# Equivalence Relations, Cardinality and Finite Sets.

1. Dec 5, 2013

### 3=MCsq

Hey everyone, I have three problems that I'm working on that are review questions for my Math Final.

1. The problem statement, all variables and given/known data

First Question: Determine if R is an equivalence relation: R = {(x,y) $\in$ $Z$ x $Z$ | x - y =5}
and find the equivalence classes.
Is $Z$ | R a partition?

2. Relevant equations

An equivalence class R is reflexive, symmetric and transitive.

3. The attempt at a solution

First Question: So I know I have to check reflexivity, symmetricity and transitivity. It seems this relation fails the reflexivity test. Since xRx = {(x,x) -> x-x=5} and x-x ≠ 5. Since it fails, if I'm correct, can I still find equivalence classes and partitions?

1. The problem statement, all variables and given/known data

Second Question: Show that |$Z$+ x $Z$ +| → |$Z$+| (Where $Z$+ represents all positive integers)...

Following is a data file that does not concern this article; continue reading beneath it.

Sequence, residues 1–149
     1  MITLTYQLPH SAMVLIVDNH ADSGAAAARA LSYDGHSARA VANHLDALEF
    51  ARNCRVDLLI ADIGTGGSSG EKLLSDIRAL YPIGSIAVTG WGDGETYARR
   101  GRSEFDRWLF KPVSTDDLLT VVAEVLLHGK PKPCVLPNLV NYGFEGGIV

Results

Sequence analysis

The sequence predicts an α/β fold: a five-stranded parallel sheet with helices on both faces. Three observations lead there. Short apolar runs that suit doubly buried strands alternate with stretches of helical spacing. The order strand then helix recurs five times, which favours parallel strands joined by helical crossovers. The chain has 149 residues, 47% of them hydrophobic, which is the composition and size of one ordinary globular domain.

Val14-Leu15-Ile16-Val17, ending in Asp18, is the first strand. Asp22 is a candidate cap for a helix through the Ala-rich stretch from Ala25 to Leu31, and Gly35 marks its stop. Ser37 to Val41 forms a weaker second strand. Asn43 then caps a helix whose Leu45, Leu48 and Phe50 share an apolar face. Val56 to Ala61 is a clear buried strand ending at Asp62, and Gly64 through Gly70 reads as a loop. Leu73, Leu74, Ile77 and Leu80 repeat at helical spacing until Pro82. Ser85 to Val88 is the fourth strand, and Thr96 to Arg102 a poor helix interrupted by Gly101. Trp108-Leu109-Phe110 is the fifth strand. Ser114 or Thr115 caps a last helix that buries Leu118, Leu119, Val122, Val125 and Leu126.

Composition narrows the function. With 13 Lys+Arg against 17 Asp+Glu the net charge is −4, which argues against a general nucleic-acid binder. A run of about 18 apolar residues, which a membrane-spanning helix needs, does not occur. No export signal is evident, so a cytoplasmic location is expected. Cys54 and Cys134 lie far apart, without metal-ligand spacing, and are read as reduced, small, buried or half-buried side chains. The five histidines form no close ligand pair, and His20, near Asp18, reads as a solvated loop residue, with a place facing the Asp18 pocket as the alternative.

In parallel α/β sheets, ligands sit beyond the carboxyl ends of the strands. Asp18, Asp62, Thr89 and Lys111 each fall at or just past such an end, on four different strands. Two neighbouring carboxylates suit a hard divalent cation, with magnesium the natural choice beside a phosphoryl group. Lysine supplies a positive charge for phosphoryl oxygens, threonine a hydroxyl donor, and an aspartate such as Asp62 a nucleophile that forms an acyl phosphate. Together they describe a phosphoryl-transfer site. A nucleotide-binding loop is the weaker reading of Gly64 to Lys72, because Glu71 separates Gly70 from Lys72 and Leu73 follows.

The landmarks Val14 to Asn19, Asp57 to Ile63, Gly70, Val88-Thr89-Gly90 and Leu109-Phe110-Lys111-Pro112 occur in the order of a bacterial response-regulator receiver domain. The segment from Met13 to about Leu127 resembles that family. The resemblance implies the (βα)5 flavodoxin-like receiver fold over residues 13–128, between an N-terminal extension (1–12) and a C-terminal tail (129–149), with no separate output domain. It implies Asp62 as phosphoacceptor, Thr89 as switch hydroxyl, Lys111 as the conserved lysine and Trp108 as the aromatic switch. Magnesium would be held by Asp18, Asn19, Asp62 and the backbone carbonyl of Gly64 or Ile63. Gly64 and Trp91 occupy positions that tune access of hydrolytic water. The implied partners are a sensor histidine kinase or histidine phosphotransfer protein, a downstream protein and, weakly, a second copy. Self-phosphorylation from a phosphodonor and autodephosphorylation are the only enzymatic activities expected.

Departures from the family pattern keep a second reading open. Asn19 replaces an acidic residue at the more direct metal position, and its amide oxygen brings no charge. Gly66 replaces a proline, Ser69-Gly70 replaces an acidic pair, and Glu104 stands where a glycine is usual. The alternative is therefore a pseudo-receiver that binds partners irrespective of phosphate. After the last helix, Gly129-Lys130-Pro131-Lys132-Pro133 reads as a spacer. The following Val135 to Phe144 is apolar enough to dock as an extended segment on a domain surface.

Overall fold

by showing that $Z$+ x $Z$+ → $Z$+ is a bijection.

2. Relevant equations

A function is bijective if it is one-to-one and onto.

3. The attempt at a solution

Second Question: I know that I have to show that if f(x)=f(y) then x=y but I don't know how to structure it. Also I have to show that f(x) = y $\in$ $Z$+.

1. The problem statement, all variables and given/known data

Third Question: Prove that if n $\in$ $N$ , f:In → B and f is onto then B is finite and |B| < n.

2. Relevant equations

3. The attempt at a solution

Third Question: I don't even know where to begin. I'm not looking for an answer, just more of where to look, where to start..a break down of the concepts addressed in the question would be most helpful.

Thanks!
1. The problem statement, all variables and given/known data

2. Relevant equations

3. The attempt at a solution

2. Dec 5, 2013

### jbunniii

Your example shows that this is not an equivalence relation, because it is not reflexive. So there are no equivalence classes and there is no partition. End of story.

3. Dec 5, 2013

### jbunniii

Well, you can't show these properties of $f$ without first defining $f$. Try to construct a function $f : \mathbb{Z}^+ \times \mathbb{Z}^+ \rightarrow \mathbb{Z}^+$ which is bijective, and then verify that it is bijective. Hint: consider a diagonal argument.

4. Dec 5, 2013

### jbunniii

Can you clarify the notation? What does "In" refer to?

P.S. In the future, it would be better to create separate threads for each question, unless they are closely related.